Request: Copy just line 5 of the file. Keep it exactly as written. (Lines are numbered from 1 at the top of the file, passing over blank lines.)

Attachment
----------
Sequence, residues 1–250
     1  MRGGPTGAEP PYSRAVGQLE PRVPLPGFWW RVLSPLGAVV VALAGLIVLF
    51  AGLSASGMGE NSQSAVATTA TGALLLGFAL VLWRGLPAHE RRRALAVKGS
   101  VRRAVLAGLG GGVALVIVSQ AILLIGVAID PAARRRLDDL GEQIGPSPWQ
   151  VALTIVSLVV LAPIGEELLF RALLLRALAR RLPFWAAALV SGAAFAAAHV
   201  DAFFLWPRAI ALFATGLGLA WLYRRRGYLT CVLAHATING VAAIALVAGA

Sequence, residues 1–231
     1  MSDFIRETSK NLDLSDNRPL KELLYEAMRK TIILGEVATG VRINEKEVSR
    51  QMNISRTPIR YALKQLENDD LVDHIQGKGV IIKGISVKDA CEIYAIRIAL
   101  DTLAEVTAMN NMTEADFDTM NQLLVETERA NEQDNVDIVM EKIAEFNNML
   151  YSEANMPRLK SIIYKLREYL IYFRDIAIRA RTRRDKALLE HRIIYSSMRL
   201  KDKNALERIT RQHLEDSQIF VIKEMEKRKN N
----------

   151  VALTIVSLVV LAPIGEELLF RALLLRALAR RLPFWAAALV SGAAFAAAHV